He was referring to what may possibly be the weirdest thing I’ve ever seen — and believe me, I’ve seen some weird, weird things — ArKay, the alcohol-free Scotch.
Trust me, it makes as little sense to me as it does to you — possibly less. What’s next, alcohol-free Nairobi moonshine, made out of simulated nuclear waste, radiator fluid that won’t hurt you, dead rats that are really just props and ladies’ panties that have never been worn?
Don’t get me wrong, Scottish Spirits Ltd. has a perfectly good business rationale for this insanity:
Scottish Spirits LTD has developed ArKay, the world’s first alcohol free whisky. ArKay is specifically targeted for Muslim consumers worldwide since it is Halal approved…ArKay non alcohol whisky tastes and looks exactly like traditional Scotch Whisky. It is suitable for drinking straight up or with soda, tea or other mixers. ArKay is the result of 10 years of research and development.
“Suitable for drinking straight up or with soda, tea or other mixers.” Tea!?!?!? Tea!!!???!!!!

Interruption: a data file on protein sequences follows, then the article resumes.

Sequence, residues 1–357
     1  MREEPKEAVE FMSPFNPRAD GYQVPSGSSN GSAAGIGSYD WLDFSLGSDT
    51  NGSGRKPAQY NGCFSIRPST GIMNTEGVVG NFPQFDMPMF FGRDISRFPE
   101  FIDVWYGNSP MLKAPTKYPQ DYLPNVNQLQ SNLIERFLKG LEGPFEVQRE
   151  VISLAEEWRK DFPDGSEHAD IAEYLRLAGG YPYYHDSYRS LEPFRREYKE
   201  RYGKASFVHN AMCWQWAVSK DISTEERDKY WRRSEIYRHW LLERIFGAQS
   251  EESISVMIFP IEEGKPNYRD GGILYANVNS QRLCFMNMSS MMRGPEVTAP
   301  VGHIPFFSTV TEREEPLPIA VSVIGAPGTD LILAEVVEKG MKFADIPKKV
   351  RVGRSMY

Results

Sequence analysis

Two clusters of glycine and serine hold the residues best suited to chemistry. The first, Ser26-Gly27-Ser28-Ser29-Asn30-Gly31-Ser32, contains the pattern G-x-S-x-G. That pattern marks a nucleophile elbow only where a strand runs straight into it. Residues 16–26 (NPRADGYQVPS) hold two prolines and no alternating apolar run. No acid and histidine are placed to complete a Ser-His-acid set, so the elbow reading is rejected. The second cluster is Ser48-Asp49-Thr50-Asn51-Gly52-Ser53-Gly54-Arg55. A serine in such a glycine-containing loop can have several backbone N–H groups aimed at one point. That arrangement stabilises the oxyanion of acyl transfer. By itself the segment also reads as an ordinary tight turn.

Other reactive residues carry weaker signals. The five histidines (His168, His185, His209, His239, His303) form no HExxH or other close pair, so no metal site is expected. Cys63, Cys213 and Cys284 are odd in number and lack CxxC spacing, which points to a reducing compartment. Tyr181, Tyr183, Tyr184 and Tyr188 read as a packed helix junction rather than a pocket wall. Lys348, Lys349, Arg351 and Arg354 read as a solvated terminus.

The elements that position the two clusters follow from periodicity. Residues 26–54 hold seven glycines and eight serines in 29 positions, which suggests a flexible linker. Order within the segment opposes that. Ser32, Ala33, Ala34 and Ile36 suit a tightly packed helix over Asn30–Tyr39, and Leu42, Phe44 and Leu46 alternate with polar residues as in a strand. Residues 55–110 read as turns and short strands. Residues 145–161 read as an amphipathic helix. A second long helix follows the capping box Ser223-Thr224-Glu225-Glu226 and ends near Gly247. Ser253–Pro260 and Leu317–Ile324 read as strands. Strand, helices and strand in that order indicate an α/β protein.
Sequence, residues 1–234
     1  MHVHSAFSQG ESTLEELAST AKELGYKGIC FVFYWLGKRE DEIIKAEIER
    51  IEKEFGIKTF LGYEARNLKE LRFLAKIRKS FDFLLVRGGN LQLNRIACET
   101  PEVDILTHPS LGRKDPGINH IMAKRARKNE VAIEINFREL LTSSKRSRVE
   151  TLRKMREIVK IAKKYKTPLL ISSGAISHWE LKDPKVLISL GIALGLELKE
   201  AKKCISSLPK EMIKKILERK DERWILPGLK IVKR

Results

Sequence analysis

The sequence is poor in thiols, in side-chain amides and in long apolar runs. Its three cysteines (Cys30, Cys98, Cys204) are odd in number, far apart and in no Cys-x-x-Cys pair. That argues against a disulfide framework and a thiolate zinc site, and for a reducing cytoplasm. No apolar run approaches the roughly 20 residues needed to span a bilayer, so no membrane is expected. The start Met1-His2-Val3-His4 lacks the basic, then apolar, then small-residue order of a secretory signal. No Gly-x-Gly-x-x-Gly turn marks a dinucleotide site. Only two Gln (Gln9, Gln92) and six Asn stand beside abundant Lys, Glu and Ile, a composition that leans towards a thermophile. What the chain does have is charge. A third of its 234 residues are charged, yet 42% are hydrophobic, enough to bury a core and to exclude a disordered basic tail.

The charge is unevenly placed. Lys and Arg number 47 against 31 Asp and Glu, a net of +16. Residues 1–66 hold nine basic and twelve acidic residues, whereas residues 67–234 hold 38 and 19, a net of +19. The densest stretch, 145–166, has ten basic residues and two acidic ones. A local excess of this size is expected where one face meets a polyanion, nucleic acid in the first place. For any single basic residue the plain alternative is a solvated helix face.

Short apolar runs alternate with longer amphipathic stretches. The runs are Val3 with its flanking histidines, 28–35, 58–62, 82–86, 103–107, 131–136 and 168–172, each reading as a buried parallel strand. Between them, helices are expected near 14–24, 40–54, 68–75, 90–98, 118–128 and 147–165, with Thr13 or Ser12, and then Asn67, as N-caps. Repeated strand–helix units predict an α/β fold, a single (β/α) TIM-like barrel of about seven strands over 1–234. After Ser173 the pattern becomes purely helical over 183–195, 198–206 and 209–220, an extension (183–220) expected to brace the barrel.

The manufacturer can’t even call it Scotch, mind you, because distillers in Scotland control the use of that term. And they carry swords the size of helicopter blades. But they still call it “whiskey”…why? In any event, it turns out that (as far as I can tell) it’s not distilled in Scotland, although…wait a second, “distilled”??? How do you distill something that’s alcohol-free?
This thing hurts my brain.
As a science nerd, of course, I want to know what the hell this crap is made out of — other than the souls of the innocent. In that, the website is of no help:
Specifications: Made from natural identical ingredients in accordance with EEC regulations and from artificial flavors and natural malt extract in accordance with the US Food and Drug Administration (FDA).
Custom Labels: The text on the labels will be printed according to the health and import regulations of the distributor’s home country.
The good news is that it’s still at the distribution stage, and as far as I can tell doesn’t appear to be on the shelves anywhere. The minimum order is 1,200 cases, so if you want some of this stuff you’d better be thirsty for abomination.
Apparently having not yet secured their places in Hell, the same producer sells whisky in a can, which “will be available soon” — check it:
Scottish Spirits’ Whisky in a can is not produced in Scotland, therefore it is not Scotch Whisky , it is whisky and will be only marketted as such [sic.]
It turns out that the company is “Registered in Panama,” by which I assume they mean incorporated — though they claim to have a “distribution center” in Glasgow. Their domain is also registered in Panama.